Perhaps there is something useful about holding on to and reclaiming the concept of governance? I for one worry that the risks are too high: governance is too closely associated with the state and might re-introduce the very logics (of policing, hierarchy, dispossession, and abandonment) that we want to break away from. Still, what matters most—beyond these terminological quibbles—is that we hold on to the idea that there is something more, beyond the current order of politics. As Simpson and Maynard put it, we “must hold tightly to our insistence that there are, always, one hundred otherwises to the violence of contemporary governance.”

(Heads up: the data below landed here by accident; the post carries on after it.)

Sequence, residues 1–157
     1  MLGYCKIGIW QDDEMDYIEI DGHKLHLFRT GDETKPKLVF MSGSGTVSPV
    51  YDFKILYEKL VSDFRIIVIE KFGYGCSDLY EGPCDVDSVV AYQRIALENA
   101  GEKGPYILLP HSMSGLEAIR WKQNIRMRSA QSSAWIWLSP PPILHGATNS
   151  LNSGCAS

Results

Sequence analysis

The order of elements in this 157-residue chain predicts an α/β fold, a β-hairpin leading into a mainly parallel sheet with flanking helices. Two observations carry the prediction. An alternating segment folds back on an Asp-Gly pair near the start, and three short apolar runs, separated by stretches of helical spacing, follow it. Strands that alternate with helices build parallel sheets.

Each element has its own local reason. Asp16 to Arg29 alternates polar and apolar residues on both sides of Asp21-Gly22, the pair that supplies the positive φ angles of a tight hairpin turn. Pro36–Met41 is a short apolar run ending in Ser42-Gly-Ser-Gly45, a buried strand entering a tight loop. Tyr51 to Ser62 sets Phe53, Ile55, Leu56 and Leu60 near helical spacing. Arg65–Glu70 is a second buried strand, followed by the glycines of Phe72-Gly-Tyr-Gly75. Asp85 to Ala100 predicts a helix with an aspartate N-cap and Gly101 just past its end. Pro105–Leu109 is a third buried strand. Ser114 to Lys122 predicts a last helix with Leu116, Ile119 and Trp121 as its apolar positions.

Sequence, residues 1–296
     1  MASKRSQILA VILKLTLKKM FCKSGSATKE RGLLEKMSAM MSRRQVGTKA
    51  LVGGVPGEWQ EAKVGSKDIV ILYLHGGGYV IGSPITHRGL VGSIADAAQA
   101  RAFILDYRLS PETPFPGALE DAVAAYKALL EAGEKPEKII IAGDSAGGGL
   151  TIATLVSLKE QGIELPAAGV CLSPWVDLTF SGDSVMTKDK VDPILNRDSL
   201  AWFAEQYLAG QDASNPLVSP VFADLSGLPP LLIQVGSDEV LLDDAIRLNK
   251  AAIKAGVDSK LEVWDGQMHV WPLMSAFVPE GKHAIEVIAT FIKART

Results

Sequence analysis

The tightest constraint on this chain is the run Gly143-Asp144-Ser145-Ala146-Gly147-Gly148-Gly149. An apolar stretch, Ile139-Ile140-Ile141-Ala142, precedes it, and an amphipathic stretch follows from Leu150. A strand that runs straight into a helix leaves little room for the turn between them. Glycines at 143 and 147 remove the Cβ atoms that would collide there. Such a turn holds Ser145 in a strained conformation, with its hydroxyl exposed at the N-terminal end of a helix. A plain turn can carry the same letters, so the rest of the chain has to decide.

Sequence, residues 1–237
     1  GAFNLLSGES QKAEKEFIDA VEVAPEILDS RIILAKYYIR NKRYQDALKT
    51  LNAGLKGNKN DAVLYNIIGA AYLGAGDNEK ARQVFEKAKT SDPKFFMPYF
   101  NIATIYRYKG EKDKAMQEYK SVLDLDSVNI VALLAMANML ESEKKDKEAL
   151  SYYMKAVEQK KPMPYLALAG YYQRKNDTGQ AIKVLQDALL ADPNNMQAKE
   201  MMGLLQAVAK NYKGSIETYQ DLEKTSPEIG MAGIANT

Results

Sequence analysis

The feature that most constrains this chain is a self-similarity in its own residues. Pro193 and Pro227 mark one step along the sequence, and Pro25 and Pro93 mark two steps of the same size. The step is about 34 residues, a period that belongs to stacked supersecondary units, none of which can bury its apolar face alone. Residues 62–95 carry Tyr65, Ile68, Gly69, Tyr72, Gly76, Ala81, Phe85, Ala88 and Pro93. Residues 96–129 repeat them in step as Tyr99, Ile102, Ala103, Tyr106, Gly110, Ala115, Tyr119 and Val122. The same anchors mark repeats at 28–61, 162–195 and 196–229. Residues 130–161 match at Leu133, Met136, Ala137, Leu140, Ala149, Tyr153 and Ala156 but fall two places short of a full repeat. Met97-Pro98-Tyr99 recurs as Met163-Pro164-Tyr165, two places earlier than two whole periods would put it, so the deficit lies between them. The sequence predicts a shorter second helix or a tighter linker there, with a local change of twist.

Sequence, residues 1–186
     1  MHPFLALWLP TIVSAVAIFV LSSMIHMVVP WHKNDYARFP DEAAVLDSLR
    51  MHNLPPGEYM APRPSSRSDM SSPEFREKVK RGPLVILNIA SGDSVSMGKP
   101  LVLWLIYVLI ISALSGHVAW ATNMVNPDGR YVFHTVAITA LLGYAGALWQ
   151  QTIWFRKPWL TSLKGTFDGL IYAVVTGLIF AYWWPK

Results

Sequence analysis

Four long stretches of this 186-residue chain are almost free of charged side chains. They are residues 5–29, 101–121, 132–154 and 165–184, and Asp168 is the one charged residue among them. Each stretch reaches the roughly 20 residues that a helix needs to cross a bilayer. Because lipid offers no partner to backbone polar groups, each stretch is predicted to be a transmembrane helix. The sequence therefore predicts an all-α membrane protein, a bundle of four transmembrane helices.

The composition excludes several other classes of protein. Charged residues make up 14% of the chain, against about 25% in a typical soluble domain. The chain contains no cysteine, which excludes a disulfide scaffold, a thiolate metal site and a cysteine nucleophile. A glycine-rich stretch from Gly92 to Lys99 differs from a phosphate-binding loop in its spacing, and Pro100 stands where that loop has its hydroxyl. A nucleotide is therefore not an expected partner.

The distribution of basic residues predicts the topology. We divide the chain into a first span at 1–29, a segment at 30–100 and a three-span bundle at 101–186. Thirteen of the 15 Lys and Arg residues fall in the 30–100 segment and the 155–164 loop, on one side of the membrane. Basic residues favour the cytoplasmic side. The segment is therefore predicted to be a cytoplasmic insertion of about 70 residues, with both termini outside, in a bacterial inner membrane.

In TIKAR/MEJA, a series of colourful woven mats that each portray a table, Malaysian artist Yee I-Lann offers a vivid depiction of this idea. The table (meja—from the Spanish mesa) was introduced in Southeast Asia by European colonisers and in I-Lann’s work becomes a symbol for the violence of administrative power: racial, patriarchal, and state-based. She contrasts this with the traditional tikar (mat), which signifies egalitarian, communal, and ancestral modes of life: what I have chosen to call antipolitics. I-Lann writes:

“Flip the table, lift the mat.

I see the table, therefore I mat.”

These are dreams of freedom that cannot be contained by the state.

  • Ida Danewid is a social and political theorist based in the Department of International Relations at the University of Sussex.

TIKAR/MEJA. Yee I-Lann, 2018.TIKAR/MEJA. Yee I-Lann, 2018.